I haven't read the book yet, but I can comment on my church experience. I was exposed to a really nasty church split when I was young and my view of church leadeship was certainly blemished. It did make me somewhat cynical and skeptical about church when I was a teenager. But, I also was surrounded by some awesome godly people ( a minister at our church for one)and I inherited from my parents knowledge of the truth that is found in scripture.(They were also very good examples and the most committed people I know for going to church) So while I was pretty confused at one point in my journey, I still had a foundation that made me a fertile ground for Jesus to grow inside of me when some of these muddles could be cleared up. I am thankful for both the foundation of Christ I received when I was growing up as well as the yucky experience of my church splitting up and the loss of people I had, for years, respected and spent a lot of time with. While I hate that Satan wreaked havoc on our church, I can now see how the Lord has used my hurt and confusion over that time to teach me about the preciousness of His body, the sinful nature of all people, and the importance of Jesus living inside of us. I am even thankful, as weird as this may seem, that my parents trained my brother and me to go to church whenever they opened the doors. If I hadn't felt guilty for not going, I don't think I would have made the connections that led to me being a part of Wednesday nights where I was really exposed to truth for the first time. How ironic is that? But I guess God chose to take a very legalistic habit and work it for His glory. Now that is an awesome God!

Sealka said...

Well, I guess I've had a lot of negative experiences, but some positive too. My positive experiences come from my parents, and from switching to the Anderson Mill youth group my senior year of high school. There I experienced some real growth, encouragement, and love.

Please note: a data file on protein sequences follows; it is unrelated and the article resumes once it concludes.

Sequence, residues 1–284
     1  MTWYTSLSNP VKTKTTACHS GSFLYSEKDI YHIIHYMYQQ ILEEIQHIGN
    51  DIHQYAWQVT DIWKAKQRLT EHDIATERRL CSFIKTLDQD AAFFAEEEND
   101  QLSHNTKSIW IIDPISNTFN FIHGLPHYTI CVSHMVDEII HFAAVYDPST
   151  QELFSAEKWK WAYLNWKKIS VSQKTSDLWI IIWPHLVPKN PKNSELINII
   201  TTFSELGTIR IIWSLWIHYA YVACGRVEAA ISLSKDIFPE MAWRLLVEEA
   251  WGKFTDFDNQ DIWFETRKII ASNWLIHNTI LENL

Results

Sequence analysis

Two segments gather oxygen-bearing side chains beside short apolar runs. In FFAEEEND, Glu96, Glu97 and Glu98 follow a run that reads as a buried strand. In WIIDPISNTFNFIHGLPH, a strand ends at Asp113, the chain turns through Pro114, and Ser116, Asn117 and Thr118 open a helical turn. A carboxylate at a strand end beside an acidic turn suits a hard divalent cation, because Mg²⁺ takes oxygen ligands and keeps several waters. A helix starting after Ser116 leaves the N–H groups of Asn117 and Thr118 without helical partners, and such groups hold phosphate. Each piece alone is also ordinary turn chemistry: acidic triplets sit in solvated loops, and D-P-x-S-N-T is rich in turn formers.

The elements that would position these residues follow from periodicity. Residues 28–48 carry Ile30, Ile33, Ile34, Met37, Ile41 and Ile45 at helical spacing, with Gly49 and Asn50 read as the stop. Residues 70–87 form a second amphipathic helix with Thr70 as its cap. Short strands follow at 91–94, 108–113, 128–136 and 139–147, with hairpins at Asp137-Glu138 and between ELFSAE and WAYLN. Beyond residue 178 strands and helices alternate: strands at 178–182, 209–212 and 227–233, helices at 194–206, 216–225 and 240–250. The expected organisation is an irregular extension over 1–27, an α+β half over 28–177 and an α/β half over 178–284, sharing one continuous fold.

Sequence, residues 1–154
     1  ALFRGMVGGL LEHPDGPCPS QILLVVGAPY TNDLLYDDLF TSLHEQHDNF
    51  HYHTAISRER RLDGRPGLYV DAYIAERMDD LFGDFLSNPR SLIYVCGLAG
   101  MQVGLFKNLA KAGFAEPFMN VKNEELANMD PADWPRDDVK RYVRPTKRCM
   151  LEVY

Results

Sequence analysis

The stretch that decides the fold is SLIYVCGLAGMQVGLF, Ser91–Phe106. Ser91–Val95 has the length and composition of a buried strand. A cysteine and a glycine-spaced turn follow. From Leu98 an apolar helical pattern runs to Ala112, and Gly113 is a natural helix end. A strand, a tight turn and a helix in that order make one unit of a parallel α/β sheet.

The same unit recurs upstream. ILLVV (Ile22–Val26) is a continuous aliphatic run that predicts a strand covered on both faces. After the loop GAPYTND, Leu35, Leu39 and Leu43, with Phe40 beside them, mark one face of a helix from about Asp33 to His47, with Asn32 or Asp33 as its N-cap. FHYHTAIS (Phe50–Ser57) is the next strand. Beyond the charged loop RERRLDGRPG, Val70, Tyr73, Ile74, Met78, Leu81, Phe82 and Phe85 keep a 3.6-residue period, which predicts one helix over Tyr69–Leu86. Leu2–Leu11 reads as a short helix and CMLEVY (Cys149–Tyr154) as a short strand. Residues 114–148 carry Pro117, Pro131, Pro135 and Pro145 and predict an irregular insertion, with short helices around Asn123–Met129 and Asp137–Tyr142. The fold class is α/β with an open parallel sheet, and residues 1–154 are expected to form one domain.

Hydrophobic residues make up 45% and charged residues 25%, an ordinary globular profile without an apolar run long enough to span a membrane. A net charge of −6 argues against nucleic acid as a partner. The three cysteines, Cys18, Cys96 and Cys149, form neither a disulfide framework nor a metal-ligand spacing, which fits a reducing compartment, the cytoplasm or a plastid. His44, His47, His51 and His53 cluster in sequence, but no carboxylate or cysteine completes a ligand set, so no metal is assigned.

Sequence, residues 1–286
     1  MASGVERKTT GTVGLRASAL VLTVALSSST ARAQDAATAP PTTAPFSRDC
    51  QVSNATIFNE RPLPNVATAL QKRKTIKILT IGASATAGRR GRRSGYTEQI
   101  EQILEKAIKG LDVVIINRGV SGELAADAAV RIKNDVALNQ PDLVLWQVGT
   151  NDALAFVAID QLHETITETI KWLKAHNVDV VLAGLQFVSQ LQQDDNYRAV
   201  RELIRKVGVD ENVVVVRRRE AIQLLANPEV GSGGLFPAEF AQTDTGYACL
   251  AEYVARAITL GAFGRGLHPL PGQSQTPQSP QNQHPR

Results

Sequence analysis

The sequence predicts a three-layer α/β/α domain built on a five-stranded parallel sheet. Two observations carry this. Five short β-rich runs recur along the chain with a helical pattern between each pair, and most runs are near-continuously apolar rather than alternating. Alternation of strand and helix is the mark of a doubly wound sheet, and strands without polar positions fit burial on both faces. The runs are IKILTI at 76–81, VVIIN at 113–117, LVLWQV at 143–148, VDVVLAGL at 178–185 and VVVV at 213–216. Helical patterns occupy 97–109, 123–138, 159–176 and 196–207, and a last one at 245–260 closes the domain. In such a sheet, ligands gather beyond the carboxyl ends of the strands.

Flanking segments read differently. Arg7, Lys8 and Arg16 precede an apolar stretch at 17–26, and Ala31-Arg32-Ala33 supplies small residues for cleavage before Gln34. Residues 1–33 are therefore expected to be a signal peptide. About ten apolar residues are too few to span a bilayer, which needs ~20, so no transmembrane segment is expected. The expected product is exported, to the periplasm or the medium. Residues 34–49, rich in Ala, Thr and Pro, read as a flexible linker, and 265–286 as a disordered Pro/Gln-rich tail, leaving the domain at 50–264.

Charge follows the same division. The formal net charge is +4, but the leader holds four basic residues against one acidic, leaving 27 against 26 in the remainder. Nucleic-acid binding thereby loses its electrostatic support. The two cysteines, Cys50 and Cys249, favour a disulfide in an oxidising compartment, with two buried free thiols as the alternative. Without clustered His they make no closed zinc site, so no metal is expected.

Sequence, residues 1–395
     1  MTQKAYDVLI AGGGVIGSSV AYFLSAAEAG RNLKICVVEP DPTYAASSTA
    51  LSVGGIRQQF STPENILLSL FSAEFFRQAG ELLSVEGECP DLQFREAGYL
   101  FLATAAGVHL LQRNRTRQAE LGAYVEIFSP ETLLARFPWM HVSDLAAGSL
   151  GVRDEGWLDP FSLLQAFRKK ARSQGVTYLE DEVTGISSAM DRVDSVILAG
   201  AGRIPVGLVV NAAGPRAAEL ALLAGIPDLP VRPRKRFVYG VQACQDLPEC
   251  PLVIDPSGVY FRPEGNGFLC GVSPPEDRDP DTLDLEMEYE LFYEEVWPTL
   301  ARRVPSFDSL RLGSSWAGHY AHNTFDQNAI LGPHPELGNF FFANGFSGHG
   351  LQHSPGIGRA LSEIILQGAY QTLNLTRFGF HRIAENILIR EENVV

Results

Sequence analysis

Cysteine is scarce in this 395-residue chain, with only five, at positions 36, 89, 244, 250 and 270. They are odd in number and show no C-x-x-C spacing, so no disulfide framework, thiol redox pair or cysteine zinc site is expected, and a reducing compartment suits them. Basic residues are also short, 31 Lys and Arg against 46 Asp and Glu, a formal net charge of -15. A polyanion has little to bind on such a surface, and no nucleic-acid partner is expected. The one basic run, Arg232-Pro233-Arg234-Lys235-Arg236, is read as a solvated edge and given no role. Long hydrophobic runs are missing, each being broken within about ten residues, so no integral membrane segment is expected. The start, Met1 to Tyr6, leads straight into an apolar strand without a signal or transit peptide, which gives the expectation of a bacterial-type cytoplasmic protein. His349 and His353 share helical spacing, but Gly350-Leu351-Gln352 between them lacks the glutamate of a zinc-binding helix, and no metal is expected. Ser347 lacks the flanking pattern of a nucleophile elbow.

But, my time at my former church, that I was at from the time I was 3 til I was a senior in high school, left me with some bad memories. The youth pastor was all about favorites, and snubbed my brother and me. The name of the game was guilt trips - you better witness to X number of people per day/week or you're not a real Christian... etc. Or, are you sure you're saved? You better pray again just in case. Those kinds of things were really damaging. The general feeling from the youth group was not welcoming, and was pretty judgmental. There were many times both my brother and I would rather hang out with my parents' sunday school class and their friends than with the people in the youth group. As for Sunday School teachers, I guess they were ok, but the general experience at the church left a lot of scars. I did always like the pastor, though. I always admired his faith, especially after knowing what all he went through in his life.

I guess these things contributed to discontent with the church, but I didn't really realize I was allowed to be discontent until I switched churches and found a better youth group and saw what I was missing. However, then there was a church split at this church which provided more disillusionment and led to other thoughts and ideas into college, which EVENTUALLY led me to where I am now. But, it was a long journey.

So, I hope that answers your question...